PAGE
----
“They’re going towards NHL size so they’ve made them smaller,” Ortio explained. “They’re not as small as NHL rink yet but they’re going that way. It used to be 30 metres wide, I think it’s 26 metres over here. In most of Finland, they’ve gone down to 28 metres. It’s not every rink but most of them so it’s not a huge adjustment for me.”
However there are other adjustments with the NHL game and Ortio explained two in particular that he continues to work at.
The first is more of a technique thing and it’s around better rebound control.
“In a game, usually there aren’t a whole lot of plays open other than to shoot the puck at the net and hope for the rebound. If I kick out the rebound and it’s laying right in front, it’s going to cost me and it’s going to cost the team. That’s the biggest thing to consider that you don’t give out easy rebounds. If you can avoid those easy rebounds, you’re not going to get scored on.”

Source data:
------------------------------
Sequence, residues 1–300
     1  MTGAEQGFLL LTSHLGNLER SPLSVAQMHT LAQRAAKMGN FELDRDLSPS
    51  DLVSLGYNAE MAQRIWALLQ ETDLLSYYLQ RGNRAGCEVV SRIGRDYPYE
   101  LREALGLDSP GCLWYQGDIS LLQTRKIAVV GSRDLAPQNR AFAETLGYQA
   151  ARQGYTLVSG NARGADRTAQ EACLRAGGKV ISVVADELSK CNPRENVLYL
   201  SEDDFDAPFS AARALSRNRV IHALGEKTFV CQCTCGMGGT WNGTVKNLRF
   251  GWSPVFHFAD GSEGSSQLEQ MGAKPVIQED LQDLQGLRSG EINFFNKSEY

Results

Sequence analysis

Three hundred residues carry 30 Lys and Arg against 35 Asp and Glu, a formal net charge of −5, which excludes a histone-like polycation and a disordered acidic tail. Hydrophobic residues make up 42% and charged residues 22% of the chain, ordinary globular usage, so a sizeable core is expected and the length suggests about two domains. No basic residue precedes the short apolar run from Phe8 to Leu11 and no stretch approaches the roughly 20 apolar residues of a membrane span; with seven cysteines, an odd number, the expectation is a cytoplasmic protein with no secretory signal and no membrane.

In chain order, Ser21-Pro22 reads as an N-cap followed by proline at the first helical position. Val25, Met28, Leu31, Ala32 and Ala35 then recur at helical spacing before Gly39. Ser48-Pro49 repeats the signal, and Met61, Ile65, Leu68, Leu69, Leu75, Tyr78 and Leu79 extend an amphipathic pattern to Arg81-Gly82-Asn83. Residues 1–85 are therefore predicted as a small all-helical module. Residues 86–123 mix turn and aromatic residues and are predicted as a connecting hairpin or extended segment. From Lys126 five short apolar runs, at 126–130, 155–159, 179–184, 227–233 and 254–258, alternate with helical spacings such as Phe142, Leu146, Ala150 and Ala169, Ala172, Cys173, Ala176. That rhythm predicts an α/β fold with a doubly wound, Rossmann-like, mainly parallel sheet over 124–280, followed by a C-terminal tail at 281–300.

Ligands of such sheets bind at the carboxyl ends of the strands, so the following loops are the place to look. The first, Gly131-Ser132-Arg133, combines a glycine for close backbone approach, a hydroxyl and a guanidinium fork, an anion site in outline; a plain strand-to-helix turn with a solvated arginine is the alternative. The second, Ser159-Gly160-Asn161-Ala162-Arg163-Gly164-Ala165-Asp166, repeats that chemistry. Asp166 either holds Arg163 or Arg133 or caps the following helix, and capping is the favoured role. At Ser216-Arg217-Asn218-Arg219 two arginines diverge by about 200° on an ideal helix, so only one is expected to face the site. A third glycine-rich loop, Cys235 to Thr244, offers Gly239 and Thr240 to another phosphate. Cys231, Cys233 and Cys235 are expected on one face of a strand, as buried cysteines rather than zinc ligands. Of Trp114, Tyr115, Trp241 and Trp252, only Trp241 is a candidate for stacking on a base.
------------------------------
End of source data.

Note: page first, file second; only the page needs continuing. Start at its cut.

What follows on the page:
Ortio says the other is more mental and it’s staying focused the entire time.
“You have to be ready all the time, you can’t take moments off on the ice because anything can happen since the pace is so high, especially compared to the pace in Europe. Over here, the tempo is much higher so you have to be prepared all the time. You can’t even take a second off because it will cost you eventually.”
On the Possibility of Returning to the Minors
This year, if he doesn’t make the Calgary Flames roster out of training camp, Ortio says he’s ready to go to the minors and keep working.
“If that doesn’t happen, it’s not the end of the world,” Ortio said. “Sure, I’ll be disappointed but I’ll go to Abby, work hard, put that effort in, day in and day out, and who knows what’s going to happen up top in the show. Someone might get injured or they have to make changes. So I’ll be ready if that happens.”
Meanwhile, there are more gigs still to come this month. One more game in the rookie tournament, Sunday night versus San Jose, and then the Flames have seven pre-season games. You can bet Ortio will get a few more chances to further impress.